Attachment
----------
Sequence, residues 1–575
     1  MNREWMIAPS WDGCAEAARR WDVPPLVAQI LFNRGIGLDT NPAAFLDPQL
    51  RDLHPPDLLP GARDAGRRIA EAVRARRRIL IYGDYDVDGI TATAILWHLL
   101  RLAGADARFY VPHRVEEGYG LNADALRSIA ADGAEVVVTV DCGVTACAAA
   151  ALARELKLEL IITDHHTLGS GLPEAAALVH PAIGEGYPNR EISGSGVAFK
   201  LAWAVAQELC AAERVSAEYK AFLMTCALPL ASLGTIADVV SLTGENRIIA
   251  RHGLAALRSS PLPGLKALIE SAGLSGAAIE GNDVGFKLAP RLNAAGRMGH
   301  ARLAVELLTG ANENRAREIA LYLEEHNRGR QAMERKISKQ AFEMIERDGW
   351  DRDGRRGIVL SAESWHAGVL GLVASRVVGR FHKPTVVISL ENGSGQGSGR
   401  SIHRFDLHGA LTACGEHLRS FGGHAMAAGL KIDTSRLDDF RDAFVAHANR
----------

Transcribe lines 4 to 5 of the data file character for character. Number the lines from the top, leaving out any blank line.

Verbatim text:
   101  RLAGADARFY VPHRVEEGYG LNADALRSIA ADGAEVVVTV DCGVTACAAA
   151  ALARELKLEL IITDHHTLGS GLPEAAALVH PAIGEGYPNR EISGSGVAFK